Talking Tunes With Sarah Schachner, Composer Of Call Of Duty: Infinite Warfare
Sarah Schachner is no stranger to creating video game music, having served as a composer for Assassin's Creed Unity. Now Schachner tackling the final frontier with the rest of Infinity Ward and composing the music for Call of Duty: Infinite Warfare. We had the chance to chat with the composer about her work on games and film as well as Infinite Warfare.
How would you describe the music for Call of Duty: Infinite Warfare?
This is the first Call of Duty where you play as the leader making the big decisions, and in this case, controlling a spacecraft. The future space setting is obviously a departure from past games in the series, but the focus is more on the weight of leadership your character experiences. Instead of concentrating on the epic vastness of space, the music aims to capture the loneliness felt in space and the burdens of war. The score is equal parts electronic and orchestral. It combines cold and aggressive analog synths with small, intimate string sections and a gnarly low brass ensemble. A lot of the percussion is from metallic found objects. It's not a traditional score by any means. We wanted to do something different than the typical epic orchestral action sound.
What was it like working on this versus other projects you’ve worked on?
Growing up playing games like GoldenEye 007, Halo, and Call of Duty, it was beyond exciting getting the opportunity to work on such a huge franchise that I'm also a big fan of. Working on a space project has always been a dream of mine, so the setting was just the icing on the cake. There was no temp music, and I got to be pretty experimental on this project. We recorded the orchestral parts of the score in Nashville. The entire audio team was incredible to work with, and it was really helpful getting to periodically see progress on the game in person at Infinity Ward. I've been working on this game for a year, so I'm pretty attached to it!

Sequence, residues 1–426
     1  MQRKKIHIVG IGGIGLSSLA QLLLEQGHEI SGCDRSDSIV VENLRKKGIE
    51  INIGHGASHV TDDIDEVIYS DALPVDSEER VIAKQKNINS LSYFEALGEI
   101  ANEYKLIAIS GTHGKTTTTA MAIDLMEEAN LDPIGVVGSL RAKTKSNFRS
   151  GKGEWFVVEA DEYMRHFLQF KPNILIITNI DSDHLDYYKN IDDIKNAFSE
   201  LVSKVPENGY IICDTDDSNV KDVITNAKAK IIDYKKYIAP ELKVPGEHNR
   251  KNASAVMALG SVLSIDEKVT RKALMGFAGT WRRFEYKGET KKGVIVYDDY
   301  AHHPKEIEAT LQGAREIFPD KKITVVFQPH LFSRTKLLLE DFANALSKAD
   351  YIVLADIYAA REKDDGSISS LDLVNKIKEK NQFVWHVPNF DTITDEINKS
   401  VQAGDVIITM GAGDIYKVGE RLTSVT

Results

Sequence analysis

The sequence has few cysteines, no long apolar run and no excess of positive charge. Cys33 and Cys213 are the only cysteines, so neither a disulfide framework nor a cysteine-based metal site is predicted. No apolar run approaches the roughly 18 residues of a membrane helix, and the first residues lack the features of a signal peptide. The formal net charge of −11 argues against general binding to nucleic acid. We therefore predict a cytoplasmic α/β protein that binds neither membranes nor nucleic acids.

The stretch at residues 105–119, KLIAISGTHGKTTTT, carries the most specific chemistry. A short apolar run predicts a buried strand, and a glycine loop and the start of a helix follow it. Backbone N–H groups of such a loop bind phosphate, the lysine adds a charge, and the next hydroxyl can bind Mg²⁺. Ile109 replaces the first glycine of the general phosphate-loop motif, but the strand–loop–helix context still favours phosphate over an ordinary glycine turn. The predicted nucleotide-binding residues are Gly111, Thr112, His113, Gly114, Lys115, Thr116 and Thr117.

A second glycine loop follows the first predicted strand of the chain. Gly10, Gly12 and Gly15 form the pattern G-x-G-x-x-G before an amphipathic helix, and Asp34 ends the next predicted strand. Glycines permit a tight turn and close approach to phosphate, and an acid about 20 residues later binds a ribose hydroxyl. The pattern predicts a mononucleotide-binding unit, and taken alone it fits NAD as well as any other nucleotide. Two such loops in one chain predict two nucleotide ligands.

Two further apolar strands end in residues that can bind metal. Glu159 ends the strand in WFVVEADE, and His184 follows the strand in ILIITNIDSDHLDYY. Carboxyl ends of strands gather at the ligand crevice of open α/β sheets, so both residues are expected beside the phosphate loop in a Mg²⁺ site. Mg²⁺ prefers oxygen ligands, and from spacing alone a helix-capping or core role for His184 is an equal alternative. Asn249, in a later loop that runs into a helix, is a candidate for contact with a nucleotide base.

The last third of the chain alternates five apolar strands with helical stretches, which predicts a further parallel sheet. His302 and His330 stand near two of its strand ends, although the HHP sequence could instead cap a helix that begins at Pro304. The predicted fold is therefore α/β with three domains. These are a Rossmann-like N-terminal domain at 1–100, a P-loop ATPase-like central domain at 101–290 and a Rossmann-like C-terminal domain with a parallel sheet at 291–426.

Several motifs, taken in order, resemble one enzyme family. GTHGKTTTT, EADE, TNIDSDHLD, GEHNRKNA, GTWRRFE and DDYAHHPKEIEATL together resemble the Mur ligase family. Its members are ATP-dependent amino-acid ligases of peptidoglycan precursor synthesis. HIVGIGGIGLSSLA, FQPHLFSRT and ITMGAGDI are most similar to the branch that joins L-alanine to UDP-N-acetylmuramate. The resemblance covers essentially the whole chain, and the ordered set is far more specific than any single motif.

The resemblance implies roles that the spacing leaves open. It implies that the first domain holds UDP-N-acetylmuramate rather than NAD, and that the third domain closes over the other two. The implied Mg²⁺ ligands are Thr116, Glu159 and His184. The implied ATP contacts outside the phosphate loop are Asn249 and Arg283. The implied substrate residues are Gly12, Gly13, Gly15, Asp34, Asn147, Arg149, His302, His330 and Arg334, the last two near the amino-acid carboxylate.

What are some of your inspirations for your work on the game?
I drew rhythmic inspiration from bands like Meshuggah and Tool for odd time signatures and poly rhythms. To give the orchestra an interesting sound, I basically treated the sections as if they were another synth, applying production techniques from electronic music to an orchestral context. Also, I don't think I realized how influenced I am by Stravinsky until this project.
What are some of the differences between composing music for a video game and for film?
Each format has unique challenges and rewards. You rarely have to score to picture in a game since you can't control what the player will do. You'll be looking at sample gameplay for inspiration to get the vibe and energy levels. It can be very freeing not having to deal with constant picture changes, but then you have to write two to three times as much music as in a typical film. In a game like this, you also have the whole arcade-style multiplayer mode, which you can't really compare to scoring a film. At the end of the day, whether a film or game, you're musically telling a story, one that is interactive and long.
What makes the music for this Call of Duty different from previous entries in the series?
I think the emotional aspect of this Call of Duty sets it apart in an interesting way. Also, the future setting allowed more room for creative experimentation than if it was tied to a past or present era. The developers at Infinity Ward really wanted to try something different with this game, and that was a lot of fun for me.
Our exclusive coverage on Call of Duty: Infinite Warfare continues all throughout June, so keep checking the hub for deep dives into the weapons, characters, and interviews as we journey to the stars with Infinity Ward's new take on the longstanding series.